Writer: William Shakespeare
Director: Edward Hall
Reviewer: Jim Gillespie
All male company Propeller are at the Lyceum Theatre in Sheffield this week with two productions, alternating the generally gentle romance of A Midsummer Night’s Dream, with the near-slapstick Comedy of Errors. Propeller have built up a loyal fan base for their energetic, physical takes on the Shakespeare canon, and they will have only added to that following by these productions.
Shakespeare threw the kitchen sink into Comedy of Errors. Not one, but two sets of estranged identical twins, separated at birth, turn up in the same city 25 years later. This is Ephesus twinned with 1980’s Benidorm: cheesy, brazen, loud and lewd. Music pumps the show along, and sound effects create a constant backdrop to supplement the frenzy of the convoluted plot. Mistaken identities, misunderstandings, mishaps and mayhem – the staples of Elizabethan comedy taken to the extreme.
If Shakespeare gave us Elizabethan comic farce at force 10, Propeller turn it up to 11 by adding some extra spice of their own manufacture. Purists might lament some of the liberties taken with the text, but Shakespeare never had much time for puritans, and the audience at the Lyceum loved the license with which Propeller enlivened the original. They revel in the carnival atmosphere created by the on stage chorus Mariachi band, which, during the interval, sustained the fiesta in the bar with a riotous mix of ’80’s school disco favourites.
For many, the most memorable musical interlude came after the interval, when the Spanish policeman (costume courtesy of the Village People, with kazoo enhanced leather trousers) serenaded an audience member with a Spanglais-Mariachi version of Spandau Ballet’s “True”. It had nothing to do with Shakespeare, but it was full-on entertainment. Inter-action with the audience is one of Propeller’s strengths.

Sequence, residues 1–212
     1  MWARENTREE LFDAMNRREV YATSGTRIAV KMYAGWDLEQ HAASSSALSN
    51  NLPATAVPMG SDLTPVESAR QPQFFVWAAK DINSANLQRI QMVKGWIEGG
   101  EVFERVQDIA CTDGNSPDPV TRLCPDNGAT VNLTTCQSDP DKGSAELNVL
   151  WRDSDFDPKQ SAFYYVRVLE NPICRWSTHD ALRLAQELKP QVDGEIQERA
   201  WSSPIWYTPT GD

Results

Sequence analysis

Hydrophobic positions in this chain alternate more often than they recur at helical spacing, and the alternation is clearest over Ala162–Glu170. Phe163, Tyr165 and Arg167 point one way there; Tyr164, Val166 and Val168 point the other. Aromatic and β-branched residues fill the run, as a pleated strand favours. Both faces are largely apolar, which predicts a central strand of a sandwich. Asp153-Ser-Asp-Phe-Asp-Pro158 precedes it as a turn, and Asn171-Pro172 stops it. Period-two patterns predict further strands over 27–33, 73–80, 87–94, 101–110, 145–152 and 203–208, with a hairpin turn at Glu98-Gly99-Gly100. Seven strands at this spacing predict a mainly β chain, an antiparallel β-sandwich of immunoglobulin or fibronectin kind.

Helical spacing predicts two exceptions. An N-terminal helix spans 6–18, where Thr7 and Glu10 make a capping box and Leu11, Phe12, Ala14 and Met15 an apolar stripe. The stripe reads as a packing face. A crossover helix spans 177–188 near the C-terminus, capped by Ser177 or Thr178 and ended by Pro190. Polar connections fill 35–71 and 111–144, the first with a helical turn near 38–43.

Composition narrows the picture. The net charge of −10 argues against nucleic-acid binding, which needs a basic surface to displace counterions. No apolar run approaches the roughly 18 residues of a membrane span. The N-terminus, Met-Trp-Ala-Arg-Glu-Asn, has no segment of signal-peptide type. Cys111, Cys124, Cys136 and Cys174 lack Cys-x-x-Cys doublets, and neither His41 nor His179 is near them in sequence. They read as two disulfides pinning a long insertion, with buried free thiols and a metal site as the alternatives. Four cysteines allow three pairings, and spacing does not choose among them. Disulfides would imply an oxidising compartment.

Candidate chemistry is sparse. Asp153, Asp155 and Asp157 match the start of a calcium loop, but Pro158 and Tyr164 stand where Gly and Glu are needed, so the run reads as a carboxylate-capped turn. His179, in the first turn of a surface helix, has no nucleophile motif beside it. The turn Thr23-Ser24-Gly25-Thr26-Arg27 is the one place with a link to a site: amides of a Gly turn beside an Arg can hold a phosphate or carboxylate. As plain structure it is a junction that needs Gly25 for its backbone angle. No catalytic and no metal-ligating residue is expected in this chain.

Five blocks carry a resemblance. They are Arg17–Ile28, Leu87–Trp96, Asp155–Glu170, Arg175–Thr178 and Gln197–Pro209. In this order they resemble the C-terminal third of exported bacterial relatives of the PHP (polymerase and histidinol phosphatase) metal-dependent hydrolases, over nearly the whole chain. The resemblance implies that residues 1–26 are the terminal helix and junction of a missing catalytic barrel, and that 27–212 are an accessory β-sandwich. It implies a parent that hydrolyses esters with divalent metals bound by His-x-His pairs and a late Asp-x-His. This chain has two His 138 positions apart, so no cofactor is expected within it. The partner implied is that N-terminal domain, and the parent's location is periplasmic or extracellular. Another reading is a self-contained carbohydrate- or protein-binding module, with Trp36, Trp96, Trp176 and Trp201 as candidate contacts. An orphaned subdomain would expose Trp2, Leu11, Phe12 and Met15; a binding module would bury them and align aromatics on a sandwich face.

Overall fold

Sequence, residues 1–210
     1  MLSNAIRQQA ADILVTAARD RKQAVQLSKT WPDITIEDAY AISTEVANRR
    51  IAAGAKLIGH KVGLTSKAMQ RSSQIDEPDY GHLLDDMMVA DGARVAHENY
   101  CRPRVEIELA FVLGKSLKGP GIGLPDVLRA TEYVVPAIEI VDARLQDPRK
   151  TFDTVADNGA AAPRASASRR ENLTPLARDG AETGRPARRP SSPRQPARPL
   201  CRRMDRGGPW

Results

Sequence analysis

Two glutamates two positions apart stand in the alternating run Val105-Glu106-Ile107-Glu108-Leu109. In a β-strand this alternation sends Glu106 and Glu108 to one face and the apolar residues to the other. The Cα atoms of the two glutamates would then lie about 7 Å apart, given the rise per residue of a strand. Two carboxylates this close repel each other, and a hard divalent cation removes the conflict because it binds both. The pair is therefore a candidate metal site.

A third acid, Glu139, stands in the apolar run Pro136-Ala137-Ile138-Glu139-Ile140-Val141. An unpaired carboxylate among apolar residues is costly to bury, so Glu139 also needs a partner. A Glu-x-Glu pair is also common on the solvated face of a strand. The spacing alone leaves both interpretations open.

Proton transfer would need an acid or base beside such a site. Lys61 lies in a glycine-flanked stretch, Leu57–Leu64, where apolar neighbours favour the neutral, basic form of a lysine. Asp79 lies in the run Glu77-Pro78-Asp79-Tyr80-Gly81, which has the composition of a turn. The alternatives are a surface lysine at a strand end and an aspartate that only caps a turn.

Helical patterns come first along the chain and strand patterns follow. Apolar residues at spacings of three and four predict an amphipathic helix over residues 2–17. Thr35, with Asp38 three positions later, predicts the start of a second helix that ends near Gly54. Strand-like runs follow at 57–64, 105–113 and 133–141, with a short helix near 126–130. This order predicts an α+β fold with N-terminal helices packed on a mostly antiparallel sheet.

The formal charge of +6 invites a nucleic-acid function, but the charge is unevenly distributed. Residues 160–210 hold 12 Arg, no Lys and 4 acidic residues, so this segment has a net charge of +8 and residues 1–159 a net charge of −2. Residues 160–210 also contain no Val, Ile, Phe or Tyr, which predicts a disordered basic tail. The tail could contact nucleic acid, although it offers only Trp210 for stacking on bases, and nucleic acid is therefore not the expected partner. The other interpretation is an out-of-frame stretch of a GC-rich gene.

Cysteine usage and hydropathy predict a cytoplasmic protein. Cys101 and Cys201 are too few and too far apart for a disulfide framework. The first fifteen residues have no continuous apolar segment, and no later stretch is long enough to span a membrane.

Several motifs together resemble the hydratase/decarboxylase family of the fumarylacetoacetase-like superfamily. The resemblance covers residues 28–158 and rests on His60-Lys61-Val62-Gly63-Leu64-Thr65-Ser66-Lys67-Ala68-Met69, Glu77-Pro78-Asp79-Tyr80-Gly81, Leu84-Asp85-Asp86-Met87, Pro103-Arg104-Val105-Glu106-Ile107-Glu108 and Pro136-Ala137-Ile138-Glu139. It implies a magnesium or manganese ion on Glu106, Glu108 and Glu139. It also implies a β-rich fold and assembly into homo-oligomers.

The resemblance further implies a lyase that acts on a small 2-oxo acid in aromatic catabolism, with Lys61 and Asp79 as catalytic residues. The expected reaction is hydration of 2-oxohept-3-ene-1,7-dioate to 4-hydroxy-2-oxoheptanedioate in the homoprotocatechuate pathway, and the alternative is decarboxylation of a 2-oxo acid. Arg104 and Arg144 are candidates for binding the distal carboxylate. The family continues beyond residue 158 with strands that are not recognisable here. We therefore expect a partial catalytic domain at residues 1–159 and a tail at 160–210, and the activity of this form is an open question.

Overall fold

This was Shakespeare with knobs on. While some liberties were taken to tweak some of the text for a contemporary relevance, most of these were handled with respect. More liberties were taken with the Conjurer, Pinch, who is turned into a hilarious southern preacher with a backing chorus stolen from Brother Love’s Traveling Salvation Show. Part of me squirmed, but most of me howled with laughter.
The acting, particularly that of the two sets of twins, was perfectly weighted. The delight in an all male comedy production is the scope it gives to play the women’s parts as larger than life versions of the originals. The female characters here are as over the top as the Geordie Courtesan’s cantilevered bosoms. Not least Alasdair Craig in the cameo rôle of the Abbess, Aemelia, who managed to walk the tightrope between Sister Wimple and Miss Whiplash while tottering on purple platform stilettos. James Tucker, playing Adriana, stole several scenes as the deserted diva wife, but others were guilty of similar thefts. Fight scenes were clowning rather than stage-fighting, but this was cartoon violence, so it scarcely mattered.
The set was simple, but very effective. Shutters sprayed with graffiti tags formed an appropriately urban backdrop, and had enough flexibility – used imaginatively – to create all the spaces required for the plot to develop. Lighting was similarly unobtrusive, if a little stark. Costumes were generally restrained, except for the more exotic female characters, where a touch of Danny la Rue sometimes intruded. That should not be taken as a criticism.
Propeller created a joyous evening’s entertainment. It was enormous fun from start to finish.
Reviewed on: 31st January